James Penhaligon is a retired medical doctor and consultant psychiatrist living in Cornwall. Married, with children & grandchildren, he speaks four languages. He has lived and worked in East and South Africa, the Netherlands, New Zealand and the UK. During ten years in general practice he became intrigued with the workings of some of his patients’ minds, and it led him to specialise in psychiatry in the UK, and spend the next thirty years working in that fascinating field.
He gained experience and knowledge from patients and colleagues, other professionals, textbooks, and journals. He authored or co-authored many articles, published in British & international psychiatric journals and publications. He was a contributing author of a textbook on learning disabilities, and an editor of a comprehensive textbook of general psychiatry for Churchill Livingstone publishers, London.
Outside of medicine he was always interested in general literature. Writing as Francis Keast, he wrote four crime fiction novellas in the 1980’s. In 2010 he self-published a 120,000-word memoir about his childhood growing up in East Africa, called ‘Speak Swahili, Dammit!’ It has had more than 1000 reviews between Amazon Books UK, USA & Germany, with an average reader rating of 4.6 stars out of 5. In 2019 he again self-published a 100,000 word book of fiction about a Cornish smuggler, entitled ‘Finding Ignatius’ which is selling on Amazon.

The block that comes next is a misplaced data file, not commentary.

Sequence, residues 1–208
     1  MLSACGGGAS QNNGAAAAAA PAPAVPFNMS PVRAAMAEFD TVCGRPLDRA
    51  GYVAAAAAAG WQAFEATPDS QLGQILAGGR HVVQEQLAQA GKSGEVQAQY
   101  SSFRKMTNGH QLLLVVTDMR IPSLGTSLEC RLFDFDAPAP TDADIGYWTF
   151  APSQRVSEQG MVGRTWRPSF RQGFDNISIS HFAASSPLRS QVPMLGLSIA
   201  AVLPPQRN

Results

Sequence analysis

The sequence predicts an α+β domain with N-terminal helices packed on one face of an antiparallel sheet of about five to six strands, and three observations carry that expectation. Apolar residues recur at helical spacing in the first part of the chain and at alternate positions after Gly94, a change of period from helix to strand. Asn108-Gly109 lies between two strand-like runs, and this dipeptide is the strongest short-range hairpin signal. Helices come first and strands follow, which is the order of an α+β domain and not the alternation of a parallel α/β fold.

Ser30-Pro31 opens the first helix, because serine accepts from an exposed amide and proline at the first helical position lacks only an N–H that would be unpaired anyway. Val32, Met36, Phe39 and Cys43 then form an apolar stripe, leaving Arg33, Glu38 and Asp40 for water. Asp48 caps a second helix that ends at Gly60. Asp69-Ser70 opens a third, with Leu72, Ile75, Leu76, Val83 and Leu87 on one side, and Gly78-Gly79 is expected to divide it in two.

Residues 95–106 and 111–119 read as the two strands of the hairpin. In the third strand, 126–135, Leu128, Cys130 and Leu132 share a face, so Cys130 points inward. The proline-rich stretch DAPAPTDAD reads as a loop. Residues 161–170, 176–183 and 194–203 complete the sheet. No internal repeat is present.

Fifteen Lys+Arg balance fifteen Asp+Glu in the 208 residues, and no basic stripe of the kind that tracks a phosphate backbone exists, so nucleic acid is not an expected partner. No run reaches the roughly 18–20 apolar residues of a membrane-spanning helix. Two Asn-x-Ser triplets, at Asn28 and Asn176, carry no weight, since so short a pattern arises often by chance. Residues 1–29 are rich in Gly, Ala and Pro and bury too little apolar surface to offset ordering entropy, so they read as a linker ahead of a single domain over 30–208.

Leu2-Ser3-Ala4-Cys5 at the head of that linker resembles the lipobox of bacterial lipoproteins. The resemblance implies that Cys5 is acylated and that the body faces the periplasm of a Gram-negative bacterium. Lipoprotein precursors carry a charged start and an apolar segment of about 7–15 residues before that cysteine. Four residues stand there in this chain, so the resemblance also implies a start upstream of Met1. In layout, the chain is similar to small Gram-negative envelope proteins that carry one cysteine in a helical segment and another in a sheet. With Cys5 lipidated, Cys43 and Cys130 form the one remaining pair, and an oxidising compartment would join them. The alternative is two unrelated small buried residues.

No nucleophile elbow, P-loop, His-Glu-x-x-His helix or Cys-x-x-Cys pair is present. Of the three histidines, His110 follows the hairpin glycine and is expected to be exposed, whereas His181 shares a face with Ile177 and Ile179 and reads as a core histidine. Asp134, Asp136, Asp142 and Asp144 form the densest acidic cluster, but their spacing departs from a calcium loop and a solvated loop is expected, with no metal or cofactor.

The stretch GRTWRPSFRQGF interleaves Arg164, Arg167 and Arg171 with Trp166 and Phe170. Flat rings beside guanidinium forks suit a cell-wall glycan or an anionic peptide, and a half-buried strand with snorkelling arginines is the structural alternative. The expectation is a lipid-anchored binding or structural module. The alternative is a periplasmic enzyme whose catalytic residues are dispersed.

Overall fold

His career, living in different parts of the world, his cosmopolitan background and lifetime of writing, both professionally and in contemporary literature, fiction and non-fiction, have given him broad experience. His passion for psychiatry and literature came together in the writing of this book
Coming from a medical background where all my articles and research were automatically submitted to psychiatric journals, entering the realm of more commercial publishing was daunting. I spent a huge amount of energy and time self-publishing my first two commercial novels. This time I was keen to secure a contract with an established agent so that I could just focus on writing, which is what I want to be doing.
Having perused the Writers and Artists yearbook thoroughly and being none the wiser, I turned to the internet for inspiration. Here I found The Andrew Lownie Agency and I was very impressed with the website, as well as the high esteem in which the agency is held. Importantly, it is particularly interested in works of non-fiction, the genre of my latest book.
I contacted Andrew Lownie and found him to be very helpful. He always gives prompt and insightful advice, and he initially pointed me in the direction of an expert editor. We have now reached a point where the agency has agreed to represent me, and I look forward to a long and fruitful relationship with Andrew.